Basketball Player Movement Between International Leagues and the NBA

This directed graph, created with R and igraph, shows how professional basketball players transition between leagues around the world. The size of the edges is based on the number of players that transitioned between the new nodes (leagues). 

Pro Basketball Players Transitioning Around the World

The following is a heat map that shows the same information, but in matrix form. It’s a little easier to compare transitions between two edges, but is less useful to understanding the network formed by the transitions.

These graphs were created for a talk that Shane Sanders and I conducted at the Midwest Sports Analytics Meeting 2018.

  • S. Sanders and J. Ehrlich, “Around the World: Rating Men’s Professional Basketball Player and League-Quality by Estimating Player Win-Value Changes across Leagues,” presented at the Midwest Sports Analytics Meeting, Central College, Pella, IA, 17-Nov-2018.

NBA Shooting while Winning versus Losing

It has been hypothesized that younger players may shoot threes better when their team is winning [1]. To see if this is true at the NBA level, I analyzed every shot of every game from the 2004-05 to the 2015-16 seasons. I found no statistical difference when shooting threes while losing or winning. I found the same to be true of free throws, but I did find a difference (p=0.037) when shooting twos. Interestingly, when the team is losing, the average player shoots 46.28%, but when winning the average goes down to 45.78%. However, the effect size is d=0.03, which is small.

Here is a density map of the three-point shots, along with the analysis:

t = -0.80358, df = 11738, p-value = 0.4217
alternative hypothesis: true difference in means is not equal to 0
95 percent confidence interval:
-0.009613867 0.004023235
sample estimates:
mean of losing mean of winning
0.2918484 0.2946437

Here is a density map of the two-point shots, along with the analysis:

t = 2.0842, df = 15112, p-value = 0.03716
alternative hypothesis: true difference in means is not equal to 0
95 percent confidence interval:
0.0002954158 0.0096292267
sample estimates:
mean of losing mean of winning
0.4627997 0.4578374

Here is a density map of the free throws, along with the analysis:

t = 0.38493, df = 13994, p-value = 0.7003
alternative hypothesis: true difference in means is not equal to 0
95 percent confidence interval:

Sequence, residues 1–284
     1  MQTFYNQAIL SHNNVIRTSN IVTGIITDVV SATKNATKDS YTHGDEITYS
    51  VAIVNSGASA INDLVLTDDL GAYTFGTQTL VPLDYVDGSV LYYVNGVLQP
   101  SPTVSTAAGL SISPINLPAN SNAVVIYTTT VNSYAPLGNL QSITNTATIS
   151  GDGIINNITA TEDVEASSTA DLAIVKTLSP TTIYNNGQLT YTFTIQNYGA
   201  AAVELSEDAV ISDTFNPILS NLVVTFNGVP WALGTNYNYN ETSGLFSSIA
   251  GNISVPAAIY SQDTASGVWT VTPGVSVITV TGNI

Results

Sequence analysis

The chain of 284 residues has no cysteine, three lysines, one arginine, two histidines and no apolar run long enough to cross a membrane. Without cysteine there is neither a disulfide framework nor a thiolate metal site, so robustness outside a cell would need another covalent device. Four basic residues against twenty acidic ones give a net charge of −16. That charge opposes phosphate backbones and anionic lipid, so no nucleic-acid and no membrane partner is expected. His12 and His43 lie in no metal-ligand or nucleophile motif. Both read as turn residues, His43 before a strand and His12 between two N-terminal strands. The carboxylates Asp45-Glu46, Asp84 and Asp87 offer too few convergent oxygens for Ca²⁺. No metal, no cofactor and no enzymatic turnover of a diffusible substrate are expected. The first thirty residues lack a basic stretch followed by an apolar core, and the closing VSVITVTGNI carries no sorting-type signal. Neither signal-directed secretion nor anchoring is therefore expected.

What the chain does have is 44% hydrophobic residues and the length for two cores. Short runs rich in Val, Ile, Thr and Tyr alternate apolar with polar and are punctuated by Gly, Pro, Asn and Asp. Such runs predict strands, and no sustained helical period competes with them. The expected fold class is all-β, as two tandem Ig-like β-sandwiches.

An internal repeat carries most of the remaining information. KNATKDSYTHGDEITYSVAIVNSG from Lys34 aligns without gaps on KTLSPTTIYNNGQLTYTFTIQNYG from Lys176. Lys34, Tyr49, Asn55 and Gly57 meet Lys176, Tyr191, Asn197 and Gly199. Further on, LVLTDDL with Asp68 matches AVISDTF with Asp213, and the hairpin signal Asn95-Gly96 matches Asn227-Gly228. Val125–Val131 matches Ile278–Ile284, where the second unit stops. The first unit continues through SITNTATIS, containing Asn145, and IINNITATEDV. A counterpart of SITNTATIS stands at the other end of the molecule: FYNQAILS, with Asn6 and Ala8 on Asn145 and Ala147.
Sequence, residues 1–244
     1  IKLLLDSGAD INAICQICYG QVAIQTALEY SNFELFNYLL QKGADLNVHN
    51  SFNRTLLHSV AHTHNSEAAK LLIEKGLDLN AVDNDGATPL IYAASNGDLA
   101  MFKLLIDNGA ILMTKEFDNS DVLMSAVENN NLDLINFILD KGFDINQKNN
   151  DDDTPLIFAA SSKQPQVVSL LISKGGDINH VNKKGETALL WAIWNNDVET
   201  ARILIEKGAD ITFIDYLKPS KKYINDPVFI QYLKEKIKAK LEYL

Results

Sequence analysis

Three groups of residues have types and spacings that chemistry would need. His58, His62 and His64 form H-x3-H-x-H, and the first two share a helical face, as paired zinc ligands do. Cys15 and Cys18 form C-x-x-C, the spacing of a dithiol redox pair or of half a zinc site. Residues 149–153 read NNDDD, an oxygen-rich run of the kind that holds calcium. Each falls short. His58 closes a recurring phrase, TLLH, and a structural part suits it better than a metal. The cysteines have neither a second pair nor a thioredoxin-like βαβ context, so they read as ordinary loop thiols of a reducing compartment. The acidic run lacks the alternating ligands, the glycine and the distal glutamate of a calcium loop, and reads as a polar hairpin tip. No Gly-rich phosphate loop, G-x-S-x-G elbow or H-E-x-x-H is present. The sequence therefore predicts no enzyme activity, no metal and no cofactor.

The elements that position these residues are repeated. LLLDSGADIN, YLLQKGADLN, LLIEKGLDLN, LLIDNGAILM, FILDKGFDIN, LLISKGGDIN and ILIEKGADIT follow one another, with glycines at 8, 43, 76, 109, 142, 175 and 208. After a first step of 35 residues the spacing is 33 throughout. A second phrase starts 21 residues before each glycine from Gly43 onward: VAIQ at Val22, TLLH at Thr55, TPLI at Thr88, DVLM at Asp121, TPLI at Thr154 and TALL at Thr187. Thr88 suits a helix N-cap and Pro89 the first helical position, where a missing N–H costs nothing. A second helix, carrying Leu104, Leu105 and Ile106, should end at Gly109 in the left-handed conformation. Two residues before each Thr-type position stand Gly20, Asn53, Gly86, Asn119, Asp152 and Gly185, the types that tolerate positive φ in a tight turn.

-0.004826125 0.007184844
sample estimates:
mean of losing mean of winning
0.7277869 0.7266075

The raw data can be download here.

[1] A. Glockner, Chasing perfection: a behind-the-scenes look at the high-stakes game of creating an NBA champion, First DaCapo Press edition. Boston, MA: Da Capo Press, 2016. p. 85

Height vs Weight of NFL Pro Players Scatterplot

The following visualization was created using data from pro-football-reference.com. This chart includes information from every NFL player that has passed away. You can easily see the correlation between a large weight to height ratio and an early death. Of course, correlation does not imply causation and we’ll be exploring other possible causes in later posts.

2014-2015 NBA Regular Season Team-Level Data Parallel Coordinate System

The following D3 visualization demonstrates a parallel coordinate system, which is useful for high-dimensional data. Try dragging and dropping the axes to rearrange the visualization.

The following paper provides an introduction to parallel coordinate systems:
Inselberg, A. (1997), “Multidimensional detective”, Information Visualization, 1997. Proceedings., IEEE Symposium on, pp. 100–107

Cross Country Rank-Sum Cycle Visualization

The following visualization demonstrates both independence and intransitivity violations that can occur in rank-sum scoring, which is used at the NCAA cross country tournament. Each bar can be clicked to remove or add the team to the tournament. Notice when the independence option is displayed (default) that with team Z, team Y wins and without team Z, team X win. When the intransitivity label is pressed, team X beats team Y, team Y beats team Z, and team Z beats team X, causing a cycle when the teams are considered in pairs. This was featured in Justin Ehrlich’s talk at the 2016 Midwest Sports Analytics Meeting in Pella, Iowa:

• J. Boudreau, J.A. Ehrlich, S. Sanders, and A. Winn “Social Choice Violations in Rank Sum Scoring: A Formalization of Conditions and Corrective Probability Computations,” Mathematical Social Sciences, vol. 71, 2014, pp. 20-29; DOI 10.1016/j.mathsocsci.2014.03.004

• J. A. Ehrlich, S. Sanders, and J. Boudreau “Rank Sum Aggregation: Origin, Applications, and Social Choice Characteristics” presented at the 2015 Illinois Economic Association conference, Chicago, IL, 2015.

• J. Ehrlich, “Computational/Visual Analysis of How the Scoring Method for Cross-Country Running Competitions Violates Major Social Choice Principles,” presented at the Midwest Sports Analytics Meeting, Central College, Pella, IA, 19-Nov-2016.